That excellent and by all Physicians, approved, China drink, called by the Chineans Tcha, by other nations Tay alias Tee, is sold at the Sultaness Head Coffee-House, in Sweetings Rents, by the Royal Exchange, London.” “Coffee, chocolate, and a kind of drink called tee, sold in almost every street in 1659.”—Rugge’s Diurnal. It is stated in “Boyne’s Trade Tokens,” ed. Williamson, vol. i., 1889, p. 593 “that the word tea occurs on no other tokens than those issued from ‘the Great Turk’ (Morat ye Great) coffeehouse in Exchange Alley. The Dutch East India Company introduced tea into Europe in 1610, and it is said to have been first imported into England from Holland about 1650. The English “East India Company” purchased and presented 2 lbs. of tea to Charles II. in 1660, and 23 lbs. in 1666. The first order for its importation by the company was in 1668, and the first consignment of it, amounting to 143 lbs., was received from Bantam in 1669 (see Sir George Birdwood’s “Report on the Old Records at the India Office,” 1890, p. 26). By act 12 Car. II., capp. 23, 24, a duty of 8d. per gallon was imposed upon the infusion of tea, as well as on chocolate and sherbet.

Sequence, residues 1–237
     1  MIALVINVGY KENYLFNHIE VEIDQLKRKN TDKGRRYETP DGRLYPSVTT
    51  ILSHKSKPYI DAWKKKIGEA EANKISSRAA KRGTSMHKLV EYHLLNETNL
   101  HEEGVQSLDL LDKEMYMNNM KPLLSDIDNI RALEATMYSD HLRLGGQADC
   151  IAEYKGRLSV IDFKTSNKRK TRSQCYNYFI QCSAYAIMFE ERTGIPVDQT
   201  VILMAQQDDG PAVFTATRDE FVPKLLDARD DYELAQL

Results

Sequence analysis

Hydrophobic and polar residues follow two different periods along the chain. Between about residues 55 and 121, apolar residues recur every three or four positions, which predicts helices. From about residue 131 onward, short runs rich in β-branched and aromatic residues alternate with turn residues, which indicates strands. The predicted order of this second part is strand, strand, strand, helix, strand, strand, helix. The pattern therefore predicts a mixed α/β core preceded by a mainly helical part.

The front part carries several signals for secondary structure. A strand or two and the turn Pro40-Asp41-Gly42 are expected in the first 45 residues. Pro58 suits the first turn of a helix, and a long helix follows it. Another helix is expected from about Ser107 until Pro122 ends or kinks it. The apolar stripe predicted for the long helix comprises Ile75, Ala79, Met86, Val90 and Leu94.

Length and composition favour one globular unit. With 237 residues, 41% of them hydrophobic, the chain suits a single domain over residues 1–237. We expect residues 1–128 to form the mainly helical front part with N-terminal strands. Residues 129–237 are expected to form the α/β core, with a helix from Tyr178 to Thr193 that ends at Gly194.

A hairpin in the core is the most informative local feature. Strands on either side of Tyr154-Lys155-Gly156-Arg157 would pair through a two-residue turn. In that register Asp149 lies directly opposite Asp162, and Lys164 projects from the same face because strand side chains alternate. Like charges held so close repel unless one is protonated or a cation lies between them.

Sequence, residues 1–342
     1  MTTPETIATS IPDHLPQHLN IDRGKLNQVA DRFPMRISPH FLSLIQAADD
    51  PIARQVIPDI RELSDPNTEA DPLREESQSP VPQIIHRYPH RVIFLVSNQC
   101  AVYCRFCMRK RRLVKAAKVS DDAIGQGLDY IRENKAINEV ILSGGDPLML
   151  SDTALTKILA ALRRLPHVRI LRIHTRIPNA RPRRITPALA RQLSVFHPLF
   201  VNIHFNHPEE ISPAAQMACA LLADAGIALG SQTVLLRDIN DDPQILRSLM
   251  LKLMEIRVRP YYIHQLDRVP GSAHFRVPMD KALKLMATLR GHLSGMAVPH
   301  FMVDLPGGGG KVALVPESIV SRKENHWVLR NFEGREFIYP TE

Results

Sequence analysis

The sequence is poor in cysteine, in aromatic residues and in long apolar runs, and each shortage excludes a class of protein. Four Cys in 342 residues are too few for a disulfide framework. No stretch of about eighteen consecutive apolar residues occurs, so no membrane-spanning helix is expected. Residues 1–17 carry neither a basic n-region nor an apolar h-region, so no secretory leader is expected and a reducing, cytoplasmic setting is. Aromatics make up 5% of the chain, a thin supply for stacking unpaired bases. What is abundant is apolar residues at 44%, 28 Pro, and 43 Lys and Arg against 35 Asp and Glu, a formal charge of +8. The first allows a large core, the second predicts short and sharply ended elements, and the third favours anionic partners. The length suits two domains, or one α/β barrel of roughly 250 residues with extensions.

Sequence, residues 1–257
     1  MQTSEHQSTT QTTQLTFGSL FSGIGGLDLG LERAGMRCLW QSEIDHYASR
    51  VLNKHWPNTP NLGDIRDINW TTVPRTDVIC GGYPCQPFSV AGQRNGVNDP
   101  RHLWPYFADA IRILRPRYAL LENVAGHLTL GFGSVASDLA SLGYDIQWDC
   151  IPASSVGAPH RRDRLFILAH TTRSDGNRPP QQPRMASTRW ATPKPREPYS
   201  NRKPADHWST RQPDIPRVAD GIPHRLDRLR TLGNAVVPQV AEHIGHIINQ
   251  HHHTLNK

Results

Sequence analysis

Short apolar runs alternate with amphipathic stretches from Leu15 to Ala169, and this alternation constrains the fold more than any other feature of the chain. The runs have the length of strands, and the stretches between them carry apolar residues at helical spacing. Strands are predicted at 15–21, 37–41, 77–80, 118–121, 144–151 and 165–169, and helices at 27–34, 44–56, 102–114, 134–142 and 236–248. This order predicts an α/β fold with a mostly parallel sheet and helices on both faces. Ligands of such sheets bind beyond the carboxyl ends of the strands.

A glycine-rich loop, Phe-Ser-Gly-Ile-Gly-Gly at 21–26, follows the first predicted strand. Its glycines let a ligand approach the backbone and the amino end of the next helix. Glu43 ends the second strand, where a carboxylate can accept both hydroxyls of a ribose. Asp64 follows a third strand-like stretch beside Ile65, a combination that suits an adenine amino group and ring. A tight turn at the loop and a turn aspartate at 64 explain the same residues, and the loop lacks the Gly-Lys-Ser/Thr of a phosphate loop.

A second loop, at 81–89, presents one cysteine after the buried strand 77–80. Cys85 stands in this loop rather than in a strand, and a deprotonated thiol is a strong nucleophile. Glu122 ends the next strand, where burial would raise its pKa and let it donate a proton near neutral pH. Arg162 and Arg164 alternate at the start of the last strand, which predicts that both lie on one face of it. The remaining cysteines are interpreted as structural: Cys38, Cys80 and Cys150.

This text comes from a footnote on a diary entry in the 1893 edition edited by Henry B. Wheatley.